Take Control of Your Mood
Research supports that life events influence health and well-being. Pleasant and unpleasant events are happening constantly, and much of what goes on is beyond our control. It’s difficult to turn on the news or read the paper without coming across something very upsetting, that we seemingly have no ability to change.
You get a bill in the mail, someone steps on your foot, rear ends your car, your child is whining and crying, the person in line ahead of you is taking forever… The list can go on and on. The lack of balance between pleasant and unpleasant events can contribute to sadness and anxiety. It’s easy for people to begin to feel frustrated and burned out.
The well-known relationship expert, John Gottman found in his research that the magic ratio for partners is 5:1. This means that for every one negative event, feeling or interaction, five positive feelings or interactions are necessary to neutralize the negative one. Similar numbers were found in the workplace, “Praise to Criticism” ratio. If we take this information and generalize it to life events, it’s easy to see how things can spiral downward fairly quickly in terms of mood and well-being. Pleasant or unpleasant events can contribute to how, “up” or, “down” you feel.
The good news is that there are plenty of things we can control. We can make choices about many of the events that happen in our environment. The key might also be in our perceptions, and a little cognitive reframing can go a long way. I talked a little about cognitive therapy and how our thoughts influence our feelings in previous posts.
You can also help yourself feel better by intervening behaviorally, making sure your day has plenty of pleasant events that bring you pleasure. Pleasant events don’t have to be huge activities that require a lot of planning. These things can be as simple as: Listening to a song you like, taking a short walk, chatting with a friend, appreciating nature, meditating, getting a mani/pedi, getting a massage, massaging yourself, reading, tidying up your house, eating your favorite meal, looking at the clouds… It really doesn’t matter what it is, it matters how you categorize and perceive it. Anything you like to do is a pleasant event!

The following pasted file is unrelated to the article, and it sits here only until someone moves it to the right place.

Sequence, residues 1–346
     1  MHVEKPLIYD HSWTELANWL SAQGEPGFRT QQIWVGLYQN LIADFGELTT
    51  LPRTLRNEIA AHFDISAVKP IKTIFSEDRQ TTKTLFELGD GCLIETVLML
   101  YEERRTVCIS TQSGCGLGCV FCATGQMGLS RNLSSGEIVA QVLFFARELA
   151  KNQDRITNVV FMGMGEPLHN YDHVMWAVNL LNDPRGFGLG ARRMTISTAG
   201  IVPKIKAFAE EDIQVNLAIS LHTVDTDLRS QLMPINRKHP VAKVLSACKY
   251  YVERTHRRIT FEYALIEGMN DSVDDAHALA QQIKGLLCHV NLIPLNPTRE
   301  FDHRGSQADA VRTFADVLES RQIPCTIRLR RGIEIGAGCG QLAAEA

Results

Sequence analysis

My wise mentors in graduate school, Drs. Dolores Gallagher-Thompson, Ph.D., and Larry Thompson, Ph.D. implemented the research findings on pleasant events with caregivers of dementia patients to increase well-being in this extremely stressed out population. I’ve used these methods successfully with my clients over the years and have found it to be fairly generalizable. The idea is that at the beginning of each day, you decide on several things you will do to take care of yourself that day. Four (or more) pleasant events a day, that are consciously chosen, and deliberately done, will keep the blues away. This can work retrospectively as well. If you forgot to plan your 4 CCDD things (consciously chosen and deliberately done), you can take a moment to think about what things you did because you were doing them to take care of yourself. Pat yourself on the back for prioritizing self-care. We all need it.
Give it a try and see if your mood improves!